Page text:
In contrast with the nearly unanimous optimistic forecasts coming from the financial and economic think tanks in the past few weeks, Greenwich news consumers continue to be exposed to a single worrisome detail. The cloud on the horizon is the “coronavirus.” Like the 21st century’s first pandemic—SARS—early reports from its point of origin were covered up by Chinese authorities. The World Health Organization has sent a team to China to learn more.
So far, Greenwich has escaped direct manifestations of the new strain—and it’s been reassuring that American health services have been quick to take stringent precautionary measures to slow down its spread from Asia. But there’s little doubt that we won’t be able to contain it completely. It’s widely thought that its spread in the U.S. will most likely follow the earlier SARS pattern. That virus was effectively stifled here through similar containment efforts.
At least where Greenwich real estate commerce is concerned, it seems unlikely that this is a cloud on the horizon that will wind up affecting this spring’s home buyers and sellers greatly, if at all. Locally, expect more disinfectant wipes to be offered in Greenwich stores and offices (and possibly at this spring’s open houses, too). To date, medical investigators have yet to determine if the coronavirus strain is any more virulent than the influenza strains that annually hit the U.S.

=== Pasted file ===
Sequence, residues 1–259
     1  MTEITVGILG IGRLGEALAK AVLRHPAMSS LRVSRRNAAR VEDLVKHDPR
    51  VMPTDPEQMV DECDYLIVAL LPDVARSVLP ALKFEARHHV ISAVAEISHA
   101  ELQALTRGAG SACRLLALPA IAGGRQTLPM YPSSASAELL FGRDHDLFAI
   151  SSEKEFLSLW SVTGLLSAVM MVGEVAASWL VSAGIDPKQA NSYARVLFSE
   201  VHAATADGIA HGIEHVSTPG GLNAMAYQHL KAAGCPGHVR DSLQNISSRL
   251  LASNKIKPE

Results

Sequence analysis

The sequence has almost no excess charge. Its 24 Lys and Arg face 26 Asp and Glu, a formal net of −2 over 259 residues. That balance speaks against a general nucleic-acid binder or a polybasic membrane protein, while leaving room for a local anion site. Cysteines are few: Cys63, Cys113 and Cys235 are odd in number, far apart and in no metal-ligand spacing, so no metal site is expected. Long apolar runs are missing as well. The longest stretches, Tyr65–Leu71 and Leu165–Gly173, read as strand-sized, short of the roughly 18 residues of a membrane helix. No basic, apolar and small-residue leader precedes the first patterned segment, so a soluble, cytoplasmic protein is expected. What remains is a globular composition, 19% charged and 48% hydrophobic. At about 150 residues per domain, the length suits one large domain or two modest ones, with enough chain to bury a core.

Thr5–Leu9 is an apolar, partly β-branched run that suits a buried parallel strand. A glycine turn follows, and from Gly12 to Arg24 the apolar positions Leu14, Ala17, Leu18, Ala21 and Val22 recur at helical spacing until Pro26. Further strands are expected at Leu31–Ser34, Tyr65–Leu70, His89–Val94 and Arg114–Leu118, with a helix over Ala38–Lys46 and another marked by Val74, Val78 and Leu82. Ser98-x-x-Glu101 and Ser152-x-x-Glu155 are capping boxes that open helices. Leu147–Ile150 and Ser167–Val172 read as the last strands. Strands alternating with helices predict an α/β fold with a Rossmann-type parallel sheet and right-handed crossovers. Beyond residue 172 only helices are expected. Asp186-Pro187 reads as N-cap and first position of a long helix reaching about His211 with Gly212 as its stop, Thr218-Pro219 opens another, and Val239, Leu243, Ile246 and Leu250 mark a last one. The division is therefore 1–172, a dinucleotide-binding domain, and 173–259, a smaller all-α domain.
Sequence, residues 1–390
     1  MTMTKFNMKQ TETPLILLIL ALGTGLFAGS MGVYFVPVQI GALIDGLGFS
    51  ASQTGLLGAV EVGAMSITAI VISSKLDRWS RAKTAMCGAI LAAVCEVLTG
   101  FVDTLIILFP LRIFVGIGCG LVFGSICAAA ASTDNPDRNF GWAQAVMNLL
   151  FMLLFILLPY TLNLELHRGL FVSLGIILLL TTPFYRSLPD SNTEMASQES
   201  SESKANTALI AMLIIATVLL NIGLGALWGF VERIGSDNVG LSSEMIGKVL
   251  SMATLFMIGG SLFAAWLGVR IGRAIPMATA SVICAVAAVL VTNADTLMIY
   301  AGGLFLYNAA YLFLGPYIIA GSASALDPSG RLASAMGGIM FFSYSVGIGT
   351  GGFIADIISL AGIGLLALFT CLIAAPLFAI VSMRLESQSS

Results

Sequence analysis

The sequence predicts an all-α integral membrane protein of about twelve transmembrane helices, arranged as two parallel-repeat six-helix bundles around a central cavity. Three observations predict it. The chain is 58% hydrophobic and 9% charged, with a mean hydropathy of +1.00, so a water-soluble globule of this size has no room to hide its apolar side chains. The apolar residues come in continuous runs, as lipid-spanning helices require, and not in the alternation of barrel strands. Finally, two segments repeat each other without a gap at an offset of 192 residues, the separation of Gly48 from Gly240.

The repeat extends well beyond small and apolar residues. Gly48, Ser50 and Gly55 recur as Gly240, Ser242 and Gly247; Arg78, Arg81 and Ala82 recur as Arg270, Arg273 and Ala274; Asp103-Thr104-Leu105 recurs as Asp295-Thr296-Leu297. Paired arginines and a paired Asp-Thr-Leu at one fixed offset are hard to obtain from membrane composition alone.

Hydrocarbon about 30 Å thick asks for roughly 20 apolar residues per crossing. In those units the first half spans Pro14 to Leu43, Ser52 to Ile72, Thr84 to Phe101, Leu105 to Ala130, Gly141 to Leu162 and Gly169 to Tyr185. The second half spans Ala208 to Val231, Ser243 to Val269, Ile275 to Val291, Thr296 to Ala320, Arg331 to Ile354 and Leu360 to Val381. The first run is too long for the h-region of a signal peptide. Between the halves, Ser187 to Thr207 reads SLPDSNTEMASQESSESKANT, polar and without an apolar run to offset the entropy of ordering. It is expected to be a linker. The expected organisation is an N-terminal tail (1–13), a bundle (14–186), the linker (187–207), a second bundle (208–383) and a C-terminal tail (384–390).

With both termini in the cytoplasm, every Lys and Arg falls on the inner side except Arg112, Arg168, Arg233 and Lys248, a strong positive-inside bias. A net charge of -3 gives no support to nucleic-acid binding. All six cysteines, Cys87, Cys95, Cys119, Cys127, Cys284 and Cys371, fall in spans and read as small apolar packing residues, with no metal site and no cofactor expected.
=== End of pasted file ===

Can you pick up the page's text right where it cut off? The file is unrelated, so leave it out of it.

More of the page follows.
Nonetheless, it’s odd but true that thus far, the only apparent effect on local may have been to boost activity. According to the Mortgage Bankers Association, mortgage applications and refinances jumped on fears that the coronavirus was spreading overseas. “That may seem far-fetched,” according to Money magazine, “but it highlights the amazing interconnectedness of the global economy.” That’s certainly true—as is the reality of home loan interest rates which are even lower than last year’s.